Appellant’s Reply

In reply to ground 1, the appellant argued that the ground was different from that which appeared in the Court of Appeal. That the ground as stated in the Memorandum of Appeal was specific and no longer offended Rule 86 (1) of the Court of Appeal Rules.

In regard to obeying the court order which had errors, counsel argued that although it was incumbent on the bank to respect the order, the bank upon realizing the error in the account numbers should have gone back to court to seek clarification.

Counsel prayed that the court over turns the judgment and orders of the Court of Appeal and grants the appellant costs in this Court and the courts below.

Analysis of Court

Grounds 1 and 4

The essence of the arguments under these grounds relates to negligence of a banker in handling a customer’s bank account. I note that there can be no negligence without a duty of care. The

 

duty of care in the present case accrues from the existence of a fiduciary relationship between the banker (in this case the respondent) and its customer (in this case the appellant).

It was contended that the respondent bank failed in its duty of care to its customer when it did not critically examine the bank transfer form authorized by the appellant.

It was further contended that the respondent bank failed in its duty when it acted contrary to the customer’s countermand instructions.

I will deal with the first issue: whether the respondent bank violated its duty of care to its customer in the manner in which it handled the “defectively” filled transfer form.

The appellant stated that he intentionally filled the transfer form with a different name i.e Josephine Yanga Lagu Felix Arim Clive instead of that which was recorded as his account name with the bank - Arim Felix Clive. The appellant further stated that he did this deliberately so that his bankers would easily detect the anomaly and thereby thwart the transfer of the said amount.

Counsel for the appellant submitted that the respondent bank was under a duty to critically examine the transfer form to detect the anomaly and since the respondent bank did not do so, it was liable in negligence. In support of his argument, counsel cited the authorities of John Maddox and Carol Maddox vs. First Westroads Bank (Supra); and two authorities from the Supreme Court of the Philippines - Philippine National Bank vs. Norman Y. Pike, G.R. No.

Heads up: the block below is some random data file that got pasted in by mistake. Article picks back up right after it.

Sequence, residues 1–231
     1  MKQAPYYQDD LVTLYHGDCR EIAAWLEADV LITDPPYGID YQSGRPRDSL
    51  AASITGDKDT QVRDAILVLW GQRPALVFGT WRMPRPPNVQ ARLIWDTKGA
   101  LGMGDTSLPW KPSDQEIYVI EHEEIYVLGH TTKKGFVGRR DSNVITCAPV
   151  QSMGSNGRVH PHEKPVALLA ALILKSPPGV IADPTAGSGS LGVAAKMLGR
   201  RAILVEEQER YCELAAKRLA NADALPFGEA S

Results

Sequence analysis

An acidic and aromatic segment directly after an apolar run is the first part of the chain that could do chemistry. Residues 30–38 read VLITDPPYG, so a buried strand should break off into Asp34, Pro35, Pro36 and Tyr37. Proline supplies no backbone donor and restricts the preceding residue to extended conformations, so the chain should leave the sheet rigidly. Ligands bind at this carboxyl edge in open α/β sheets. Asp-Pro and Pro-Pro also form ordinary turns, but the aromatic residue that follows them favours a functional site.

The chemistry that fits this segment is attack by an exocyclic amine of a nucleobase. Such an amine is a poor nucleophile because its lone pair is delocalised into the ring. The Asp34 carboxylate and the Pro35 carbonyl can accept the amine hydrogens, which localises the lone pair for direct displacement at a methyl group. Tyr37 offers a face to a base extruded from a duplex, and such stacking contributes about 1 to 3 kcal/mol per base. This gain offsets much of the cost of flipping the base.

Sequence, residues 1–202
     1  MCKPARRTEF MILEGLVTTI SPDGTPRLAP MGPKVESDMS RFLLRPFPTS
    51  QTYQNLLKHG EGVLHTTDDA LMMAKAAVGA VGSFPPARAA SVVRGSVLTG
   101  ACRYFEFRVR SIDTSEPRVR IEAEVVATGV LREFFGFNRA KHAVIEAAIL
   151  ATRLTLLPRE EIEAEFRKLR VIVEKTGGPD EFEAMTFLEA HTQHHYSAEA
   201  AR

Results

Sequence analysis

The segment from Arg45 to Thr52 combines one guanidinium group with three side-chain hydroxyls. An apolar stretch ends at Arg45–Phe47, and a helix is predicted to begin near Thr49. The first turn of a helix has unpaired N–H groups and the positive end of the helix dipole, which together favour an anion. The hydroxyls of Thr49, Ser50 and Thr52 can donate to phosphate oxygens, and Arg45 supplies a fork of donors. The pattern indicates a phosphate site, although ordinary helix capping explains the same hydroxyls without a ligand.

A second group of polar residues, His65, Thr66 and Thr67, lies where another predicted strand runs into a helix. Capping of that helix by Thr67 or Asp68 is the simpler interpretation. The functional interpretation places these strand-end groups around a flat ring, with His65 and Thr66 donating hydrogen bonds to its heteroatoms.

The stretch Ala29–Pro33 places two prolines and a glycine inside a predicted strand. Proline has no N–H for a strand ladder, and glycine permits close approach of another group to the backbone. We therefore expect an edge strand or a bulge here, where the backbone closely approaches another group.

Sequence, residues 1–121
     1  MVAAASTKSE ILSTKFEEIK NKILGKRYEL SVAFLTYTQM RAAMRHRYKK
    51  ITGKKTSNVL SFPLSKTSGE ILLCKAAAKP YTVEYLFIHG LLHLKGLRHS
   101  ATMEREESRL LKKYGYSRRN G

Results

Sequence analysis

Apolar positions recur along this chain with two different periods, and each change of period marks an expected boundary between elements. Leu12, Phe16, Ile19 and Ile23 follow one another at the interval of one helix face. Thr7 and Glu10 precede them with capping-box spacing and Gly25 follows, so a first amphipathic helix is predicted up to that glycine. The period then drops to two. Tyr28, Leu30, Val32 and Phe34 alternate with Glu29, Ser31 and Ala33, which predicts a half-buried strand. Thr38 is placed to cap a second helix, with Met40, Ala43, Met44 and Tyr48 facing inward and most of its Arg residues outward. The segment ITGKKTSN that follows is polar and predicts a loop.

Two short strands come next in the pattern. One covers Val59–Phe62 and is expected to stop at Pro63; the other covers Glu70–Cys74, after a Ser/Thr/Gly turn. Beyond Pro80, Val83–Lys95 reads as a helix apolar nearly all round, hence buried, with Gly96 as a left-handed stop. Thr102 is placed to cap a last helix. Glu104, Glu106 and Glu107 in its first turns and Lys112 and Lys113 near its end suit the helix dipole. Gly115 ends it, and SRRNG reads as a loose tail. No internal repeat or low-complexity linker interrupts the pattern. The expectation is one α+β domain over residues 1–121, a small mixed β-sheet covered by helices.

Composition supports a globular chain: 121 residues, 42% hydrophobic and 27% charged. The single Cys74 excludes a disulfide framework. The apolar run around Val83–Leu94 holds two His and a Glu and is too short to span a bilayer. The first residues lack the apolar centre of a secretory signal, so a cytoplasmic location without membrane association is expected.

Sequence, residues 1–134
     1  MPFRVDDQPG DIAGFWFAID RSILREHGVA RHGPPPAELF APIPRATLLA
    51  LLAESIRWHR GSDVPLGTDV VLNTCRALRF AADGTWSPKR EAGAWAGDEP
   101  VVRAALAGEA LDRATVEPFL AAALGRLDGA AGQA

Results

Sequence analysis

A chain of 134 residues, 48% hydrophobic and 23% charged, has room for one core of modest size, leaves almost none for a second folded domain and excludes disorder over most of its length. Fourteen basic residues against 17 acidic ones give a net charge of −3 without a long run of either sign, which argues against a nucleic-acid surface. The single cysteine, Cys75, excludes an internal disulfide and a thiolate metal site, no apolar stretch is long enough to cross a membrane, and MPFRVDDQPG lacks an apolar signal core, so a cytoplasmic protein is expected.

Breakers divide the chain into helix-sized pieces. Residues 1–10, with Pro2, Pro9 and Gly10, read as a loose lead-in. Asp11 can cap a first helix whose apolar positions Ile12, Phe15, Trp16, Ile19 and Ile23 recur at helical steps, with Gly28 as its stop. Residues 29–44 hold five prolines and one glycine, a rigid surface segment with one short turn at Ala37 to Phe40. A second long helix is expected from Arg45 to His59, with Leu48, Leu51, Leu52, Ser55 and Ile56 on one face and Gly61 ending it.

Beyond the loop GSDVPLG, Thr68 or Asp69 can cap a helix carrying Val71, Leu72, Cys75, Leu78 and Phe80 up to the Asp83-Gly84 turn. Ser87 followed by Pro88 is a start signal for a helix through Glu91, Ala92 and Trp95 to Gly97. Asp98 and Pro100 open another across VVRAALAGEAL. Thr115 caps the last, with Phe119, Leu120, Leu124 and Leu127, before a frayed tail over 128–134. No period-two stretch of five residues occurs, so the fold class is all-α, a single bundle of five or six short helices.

146918; Citibank N.A vs. SPS. Luis & Carmelta Cabamongan G.R. No. 146918. In these authorities, the courts held banks liable in negligence for paying out sums of money to fraudsters who had forged signatures of their

 

customers. The courts ordered the banks to refund the money paid out to the fraudsters.

In Maddox vs. First Westroads Bank (supra), the Supreme Court of Nebraska in finding the bank liable held inter alia that:

It is elementary that a bank is held bound to know the genuine signature of its customers. A bank may not permit withdrawal of funds from a savings account absent an order of its depositor.

In Philippine National Bank vs. Norman Y. Pike (supra), the

Supreme Court of the Philippines compared signatures in the questioned withdrawal slips with the known signatures of the depositor and was convinced that the signatures were forged. The court affirmed the decision of the trial court and the Court of Appeal by holding the bank negligent in performance of its duties in allowing unauthorized withdrawals to be made.

In Citibank N.A vs. SPS. Luis and Ors (supra), spouses Luis and Carmelita opened a joint account with the petitioner bank in trust for their sons. A fraudster imposing to be Carmelita presented stolen bank deposit certificates of the spouses to the bank and withdrew money from the account. The spouses sued the bank in negligence. The Supreme Court held that:

 

 

 

... since the banking business is impressed with public interest, of paramount importance thereto is the trust and confidence of the public in general. Consequently, the highest degree of diligence is expected and high standards of integrity and performance is even required of it ... it has been sufficiently shown that the signatures of Carmelita in the forms for pretermination of deposits are forgeries. Citibank, with its signature verification